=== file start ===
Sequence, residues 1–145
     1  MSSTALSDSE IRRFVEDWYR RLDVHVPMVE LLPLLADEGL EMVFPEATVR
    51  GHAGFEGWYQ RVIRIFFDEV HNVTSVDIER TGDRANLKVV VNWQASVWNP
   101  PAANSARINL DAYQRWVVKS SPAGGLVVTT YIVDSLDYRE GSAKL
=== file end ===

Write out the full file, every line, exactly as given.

Sequence, residues 1–145
     1  MSSTALSDSE IRRFVEDWYR RLDVHVPMVE LLPLLADEGL EMVFPEATVR
    51  GHAGFEGWYQ RVIRIFFDEV HNVTSVDIER TGDRANLKVV VNWQASVWNP
   101  PAANSARINL DAYQRWVVKS SPAGGLVVTT YIVDSLDYRE GSAKL